Sunday, June 5, 2016

Two steps forward one step back (Raleigh Super Course Part IV)

My goal for this weekend was to get the headset back reassembled and get the fork and frame back together, close but no cigar.

Which is not to say that no progress was made.  The bottom bracket cups went from half way done

To all the way done

 In fact the bottom bracket is ready to go back in but I find it easier to wax the frame with it out and to that end the frame got the first of 3 coats of wax while it was cool on Saturday morning.

I noticed while waxing that the area around the seat post cluster was quite a bit more dull and scratched than the rest of the frame which I attribute to the common practice in the 1970s of wrapping your chain bike lock around the seat post to store it when not in use.
Chain plus paint equals dull scratched paint, fortunately in the intervening years in addition to coming up with cable and u-locks they have even solved this issue for chain locks
chain wrapped in cloth no scratchy
 I was planning to put on wax coats 2 and 3 today but it hit 90 degrees in Seattle on Sunday and at about 80 we Seattleites start to melt , 9 months of rain no problem - 80+ degrees oh no!,
so addition coats of wax would have to wait.

Now back to the headset.  Normally I like to replace the headset bearings with new bearings in a cage, but when I dry fitted them I realized that wasn't going to work as the cage was too big.  The late 60s early 70s French bikes get grief for having "odd" sizing for threading, stems, etc.  What I had forgotten is that the same era Raleigh's are just as bad because they use their own proprietary sizing (BSA) that makes them an equal "challenge"  to work on.  I had already recycled the original loose bearings because I knew I would replace them.  A search of the parts closet yields this..

On the far left the bearing I need, I have one and need 50, in the middle a bearing I have tons of but is too big (wheel hub bearing) and on the far right the headset bearings in a cage I thought I would use until I realized the Brits had screwed me.  So Goldilocks went to Amazon and soon it will be just right with a 100 of the 5/32 bearings heading my way.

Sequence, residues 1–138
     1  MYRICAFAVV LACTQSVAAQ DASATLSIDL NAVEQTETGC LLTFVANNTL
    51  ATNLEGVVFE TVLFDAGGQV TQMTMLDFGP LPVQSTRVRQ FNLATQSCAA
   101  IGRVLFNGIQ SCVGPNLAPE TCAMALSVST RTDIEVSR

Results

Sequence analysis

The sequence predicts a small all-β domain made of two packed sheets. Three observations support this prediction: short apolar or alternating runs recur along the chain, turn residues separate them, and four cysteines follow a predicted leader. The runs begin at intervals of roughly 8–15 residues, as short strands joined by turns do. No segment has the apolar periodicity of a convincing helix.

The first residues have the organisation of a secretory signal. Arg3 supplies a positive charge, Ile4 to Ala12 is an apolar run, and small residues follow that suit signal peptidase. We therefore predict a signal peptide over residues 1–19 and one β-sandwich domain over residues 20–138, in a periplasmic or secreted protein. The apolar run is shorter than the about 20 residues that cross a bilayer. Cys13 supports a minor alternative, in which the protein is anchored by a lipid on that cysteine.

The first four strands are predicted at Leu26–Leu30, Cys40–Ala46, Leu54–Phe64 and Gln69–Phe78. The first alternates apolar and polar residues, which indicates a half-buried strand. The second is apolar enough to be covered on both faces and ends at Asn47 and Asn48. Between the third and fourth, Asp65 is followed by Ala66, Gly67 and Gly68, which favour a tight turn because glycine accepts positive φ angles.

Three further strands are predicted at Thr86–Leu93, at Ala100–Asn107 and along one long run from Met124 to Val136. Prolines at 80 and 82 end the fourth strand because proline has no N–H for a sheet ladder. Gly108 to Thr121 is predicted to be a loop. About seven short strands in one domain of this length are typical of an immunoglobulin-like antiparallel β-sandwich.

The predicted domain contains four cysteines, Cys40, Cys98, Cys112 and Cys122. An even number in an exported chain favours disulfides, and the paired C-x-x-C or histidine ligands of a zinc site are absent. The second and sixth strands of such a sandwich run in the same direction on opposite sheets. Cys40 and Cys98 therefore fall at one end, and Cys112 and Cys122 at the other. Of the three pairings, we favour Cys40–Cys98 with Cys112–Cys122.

Not all was lost to the heat of the day however,  I had noticed that Joe's Super Course came equipped with an AVA stem and in the era of this bike AVA cast aluminum stems had issues, enough so they got the nickname "Death Stem" which is about as good as it sounds.

They had a habit of cracking which is not a behavior you want in the component that keeps your handlebars attached to the rest of the bike.  Now this part had obviously done its job and to the naked eye showed no issues but I don't like to take chances so it was off to Bike Works to find a replacement.

As I have mentioned before Bike Works in the Columbia City neighborhood of Seattle is a bike "kitchen" that does lots of great things for the community and it is a my go to source for old bikes and bike parts.  Its kind of vintage bike nerd Nirvana..
rebuilt and refurbished vintage bikes awaiting a new owner rather than a landfill

And its half a block from an awesome bakery too which doesn't hurt - yes I stopped by.

While I was at bike works I also remedied another item, as I have worked on vintage 10 speeds over the years I have noticed that the stock handlebars tend to be a bit narrow.  Since I was already looking for a replacement stem, I figured I would have a gander at handlebars.  I am also a bit of a sucker for handlebars with nice engraving in the center where the stem goes.

I found replacements, more shots to come when they are cleaned up, and the bars are bit wider than the stock ones.

As usual I keep an eye out for vintage bikes and saw this nice Miyata 710 outside my favorite caffeine provider recently.

I think they wanted to raise their handlebars.....

And while taking a lunchtime walk at work I spotted this  Trek 560

Speaking of work I got the very good news on Friday that my contract will be extended another 9 months which will allow me to give notice at the second job and get back more time in general and, hopefully, more time to finish bike projects.

Until next time. Ride.Smile.Repeat.


  1. Ryan: Since we're going with new bars, I'm wondering if it's not too late to go with street bars?

    1. Not at all in fact I was thinking of raising that very subject with you. I will email you off line

  2. Your attention to those little details is what makes your flipped bikes so great for the person who ends up with them. I hope they appreciate the love and care that went into it.

    1. Thanks Jim, I always want to put a solid bike out but when its family or friends I want to go the extra mile . There have been interesting packages arriving at my mailbox so I should have some fun posts coming up on the 'ol super course.,,,